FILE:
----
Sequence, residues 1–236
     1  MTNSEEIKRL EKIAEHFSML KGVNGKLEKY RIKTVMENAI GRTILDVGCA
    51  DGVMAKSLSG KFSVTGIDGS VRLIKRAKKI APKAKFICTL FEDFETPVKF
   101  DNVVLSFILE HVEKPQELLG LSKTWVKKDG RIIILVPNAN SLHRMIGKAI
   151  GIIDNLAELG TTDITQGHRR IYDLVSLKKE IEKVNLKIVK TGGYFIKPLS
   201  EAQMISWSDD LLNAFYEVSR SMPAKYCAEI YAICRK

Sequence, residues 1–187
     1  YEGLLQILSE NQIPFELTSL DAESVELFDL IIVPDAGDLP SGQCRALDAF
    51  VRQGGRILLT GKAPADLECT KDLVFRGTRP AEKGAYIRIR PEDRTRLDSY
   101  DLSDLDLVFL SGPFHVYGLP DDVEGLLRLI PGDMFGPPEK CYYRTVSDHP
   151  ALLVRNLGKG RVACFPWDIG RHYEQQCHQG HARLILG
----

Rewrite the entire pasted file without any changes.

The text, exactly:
Sequence, residues 1–236
     1  MTNSEEIKRL EKIAEHFSML KGVNGKLEKY RIKTVMENAI GRTILDVGCA
    51  DGVMAKSLSG KFSVTGIDGS VRLIKRAKKI APKAKFICTL FEDFETPVKF
   101  DNVVLSFILE HVEKPQELLG LSKTWVKKDG RIIILVPNAN SLHRMIGKAI
   151  GIIDNLAELG TTDITQGHRR IYDLVSLKKE IEKVNLKIVK TGGYFIKPLS
   201  EAQMISWSDD LLNAFYEVSR SMPAKYCAEI YAICRK

Sequence, residues 1–187
     1  YEGLLQILSE NQIPFELTSL DAESVELFDL IIVPDAGDLP SGQCRALDAF
    51  VRQGGRILLT GKAPADLECT KDLVFRGTRP AEKGAYIRIR PEDRTRLDSY
   101  DLSDLDLVFL SGPFHVYGLP DDVEGLLRLI PGDMFGPPEK CYYRTVSDHP
   151  ALLVRNLGKG RVACFPWDIG RHYEQQCHQG HARLILG